Feds Now Require Antifraud Compliance Plan
Law Feature – May 2013
Tex Med. 2013;109(5):21-23.
By Crystal Zuzek
The U.S. Department of Health and Human Services Office of Inspector General (OIG) used to encourage physicians in Medicare and Medicaid to adopt voluntary compliance programs. But now it's the law.
Under the Patient Protection and Affordable Care Act (PPACA), compliance programs are no longer voluntary. As a condition of enrollment in federal health programs, including Medicare and Medicaid, the health system reform law requires physicians to establish a compliance program that features specific core elements.
In the fall, the Texas Health And Human Services Commission (HHSC) released final rules on Medicaid compliance programs, including enforcement provisions that allow HHSC to levy administrative penalties or sanctions against those who fail to establish an "effective compliance program for detecting criminal, civil, and administrative violations." The rules took effect Oct. 14, 2012.
Family physician Greg Sheff, MD, is medical director of care management and clinical integration for Austin Regional Clinic (ARC), which has had a compliance program for 10 years – long before the federal mandate.
"At ARC, we've seen the value in having a structured process that helps ensure we're operating in line with regulations and that provides a vehicle for improvement when necessary," he said.
Amanda Hill, an Austin attorney and former ARC general counsel, says a robust compliance program can help physicians avoid prosecution for health care fraud if a federal agency investigates them.
"The federal government will show no leniency if a medical practice doesn't have a compliance program. Physicians need to develop a written plan that details how they audit for possible billing and coding errors and correct mistakes. They also need to ensure implementation of the plan and update it regularly," Ms. Hill said.
Dr. Sheff has advice for physicians who are just getting started on their compliance program.
"Start by cultivating a medical practice culture that is committed to compliance and to addressing any concerns that arise. After that, the practice will want to appoint a compliance officer or team and provide education on the compliance process," he said.
Establishing a compliance program doesn't have to be a major strain on a medical practice, but it does require some training and customization.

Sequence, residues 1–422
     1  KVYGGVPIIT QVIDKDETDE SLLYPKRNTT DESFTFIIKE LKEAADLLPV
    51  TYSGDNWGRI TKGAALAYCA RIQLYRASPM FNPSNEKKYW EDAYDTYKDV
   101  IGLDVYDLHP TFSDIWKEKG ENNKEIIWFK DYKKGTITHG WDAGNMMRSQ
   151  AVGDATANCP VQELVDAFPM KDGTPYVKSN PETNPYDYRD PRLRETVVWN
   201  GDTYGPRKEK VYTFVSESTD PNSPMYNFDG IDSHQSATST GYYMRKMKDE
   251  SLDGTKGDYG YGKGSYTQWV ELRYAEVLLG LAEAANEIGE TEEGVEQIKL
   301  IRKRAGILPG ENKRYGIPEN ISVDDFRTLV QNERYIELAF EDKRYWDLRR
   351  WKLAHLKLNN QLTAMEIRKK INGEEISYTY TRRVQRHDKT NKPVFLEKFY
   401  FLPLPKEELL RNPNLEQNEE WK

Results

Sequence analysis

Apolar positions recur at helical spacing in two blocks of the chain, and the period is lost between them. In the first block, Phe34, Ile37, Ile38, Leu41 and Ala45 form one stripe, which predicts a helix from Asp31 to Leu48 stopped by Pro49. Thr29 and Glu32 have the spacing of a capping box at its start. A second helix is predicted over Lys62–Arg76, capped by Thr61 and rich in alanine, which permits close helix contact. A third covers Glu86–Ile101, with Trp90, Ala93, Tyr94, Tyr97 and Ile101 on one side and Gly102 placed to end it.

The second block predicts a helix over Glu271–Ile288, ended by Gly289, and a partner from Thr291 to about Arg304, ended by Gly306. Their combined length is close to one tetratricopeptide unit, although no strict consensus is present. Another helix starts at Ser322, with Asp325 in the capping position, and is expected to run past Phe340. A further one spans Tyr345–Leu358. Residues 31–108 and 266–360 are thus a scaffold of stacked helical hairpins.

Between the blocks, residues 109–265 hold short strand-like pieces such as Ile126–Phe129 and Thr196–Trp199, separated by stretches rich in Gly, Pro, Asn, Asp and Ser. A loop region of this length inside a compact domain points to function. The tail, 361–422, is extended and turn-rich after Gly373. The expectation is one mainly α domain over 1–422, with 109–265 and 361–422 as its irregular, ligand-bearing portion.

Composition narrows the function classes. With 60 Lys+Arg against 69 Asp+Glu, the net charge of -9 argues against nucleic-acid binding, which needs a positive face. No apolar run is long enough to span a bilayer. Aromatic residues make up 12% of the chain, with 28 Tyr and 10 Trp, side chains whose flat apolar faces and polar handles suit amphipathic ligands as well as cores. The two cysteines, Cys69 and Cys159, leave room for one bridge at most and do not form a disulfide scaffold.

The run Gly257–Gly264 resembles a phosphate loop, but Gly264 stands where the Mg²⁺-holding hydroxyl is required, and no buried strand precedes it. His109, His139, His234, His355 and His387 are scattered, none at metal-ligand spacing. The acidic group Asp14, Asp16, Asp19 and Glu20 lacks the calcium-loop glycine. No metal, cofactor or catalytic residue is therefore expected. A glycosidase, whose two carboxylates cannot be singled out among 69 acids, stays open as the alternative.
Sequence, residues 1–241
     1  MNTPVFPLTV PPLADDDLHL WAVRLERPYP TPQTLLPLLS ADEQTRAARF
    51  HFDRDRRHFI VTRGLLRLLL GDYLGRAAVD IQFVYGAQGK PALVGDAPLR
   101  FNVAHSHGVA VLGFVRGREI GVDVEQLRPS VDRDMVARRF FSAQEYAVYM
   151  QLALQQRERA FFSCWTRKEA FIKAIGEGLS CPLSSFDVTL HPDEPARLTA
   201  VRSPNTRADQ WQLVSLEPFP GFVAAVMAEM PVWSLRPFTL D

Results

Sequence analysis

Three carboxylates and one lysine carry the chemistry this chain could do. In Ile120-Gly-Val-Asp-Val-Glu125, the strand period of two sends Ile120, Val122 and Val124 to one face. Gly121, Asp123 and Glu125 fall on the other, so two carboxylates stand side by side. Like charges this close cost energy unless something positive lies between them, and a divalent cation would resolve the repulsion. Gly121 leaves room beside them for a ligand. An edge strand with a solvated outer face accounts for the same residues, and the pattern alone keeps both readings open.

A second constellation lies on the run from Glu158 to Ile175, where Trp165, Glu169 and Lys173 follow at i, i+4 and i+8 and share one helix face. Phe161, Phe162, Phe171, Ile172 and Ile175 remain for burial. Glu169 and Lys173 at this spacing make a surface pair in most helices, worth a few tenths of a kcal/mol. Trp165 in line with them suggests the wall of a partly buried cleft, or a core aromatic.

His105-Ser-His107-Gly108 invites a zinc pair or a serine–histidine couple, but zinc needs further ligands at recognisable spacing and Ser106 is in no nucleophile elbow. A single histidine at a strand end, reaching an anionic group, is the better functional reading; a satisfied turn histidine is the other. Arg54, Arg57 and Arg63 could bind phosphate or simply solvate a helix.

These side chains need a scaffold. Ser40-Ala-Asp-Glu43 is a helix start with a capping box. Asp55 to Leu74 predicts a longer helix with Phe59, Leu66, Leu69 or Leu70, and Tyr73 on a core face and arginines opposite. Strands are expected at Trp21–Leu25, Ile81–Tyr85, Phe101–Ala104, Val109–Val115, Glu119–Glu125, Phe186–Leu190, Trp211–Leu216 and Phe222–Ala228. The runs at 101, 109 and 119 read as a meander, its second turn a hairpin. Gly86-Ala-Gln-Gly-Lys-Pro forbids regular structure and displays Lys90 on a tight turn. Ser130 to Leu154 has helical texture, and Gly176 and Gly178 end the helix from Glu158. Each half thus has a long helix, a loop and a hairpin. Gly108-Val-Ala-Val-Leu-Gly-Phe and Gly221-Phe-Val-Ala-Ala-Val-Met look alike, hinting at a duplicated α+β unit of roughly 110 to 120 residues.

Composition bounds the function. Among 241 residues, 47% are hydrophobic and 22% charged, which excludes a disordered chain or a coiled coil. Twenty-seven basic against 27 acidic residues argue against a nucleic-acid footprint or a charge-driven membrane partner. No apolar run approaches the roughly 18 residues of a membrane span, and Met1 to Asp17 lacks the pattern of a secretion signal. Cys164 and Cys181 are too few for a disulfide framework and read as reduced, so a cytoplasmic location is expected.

"The program doesn't have to be elaborate and complex. But at the same time, physicians shouldn't just pull a boiler plate plan off the Internet. I'd rather see a bare-bones program a group can follow than a complicated one that doesn't apply to the practice," Ms. Hill said.
Detect and Correct
With increased emphasis on recouping money for federal health programs, it is pivotal physicians use their compliance programs to quickly detect and correct billing and coding mistakes.
"The compliance plan should permeate into how the practice conducts business and should provide a basis for creating an environment where people can easily raise concerns while having their identities protected," Dr. Sheff said.
ARC takes measures to ensure that its roughly 300 physicians implement and adhere to the compliance plan. Dr. Sheff says the ARC governance committee reviews the plan annually, and the executive board receives an annual compliance report.
ARC provides compliance plan training and education each year to physicians and staff members in the form of PowerPoint presentations.
"The educational sessions focus on the fundamentals of compliance and allow us to highlight any specific areas such as new regulations or updated information," Dr. Sheff said.
The Texas Medical Association has resources to help physicians craft a compliance program. TMA's Fraud and Abuse publication has a section focused on helping physicians identify and implement an appropriate compliance program to adhere to the laws, regulations, and guidelines that pertain to solo and small group practices.
TMA also offers a step-by-step guide to creating a compliance program available in print and electronic format. Ms. Hill wrote both publications. To purchase the guide to creating a compliance program, visit the TMA Education Center.
Policies & Procedures: A Guide for Medical Practices, published by TMA, contains a section on compliance to help medical practices implement and enforce their own programs. A hard copy of the guide with customizable CD is $295 for members and $395 for nonmembers. The customizable CD alone is $255 for members and $355 for nonmembers. To order the guide, call the TMA Knowledge Center at (800) 880-7955 or email TMA Knowledge Center.
Stick to the Plan
OIG developed compliance program guidelines for individual and small group physician practices that can help prevent the submission of erroneous claims.
OIG issued seven core elements that compliance programs must possess to continue participation in federal health care programs: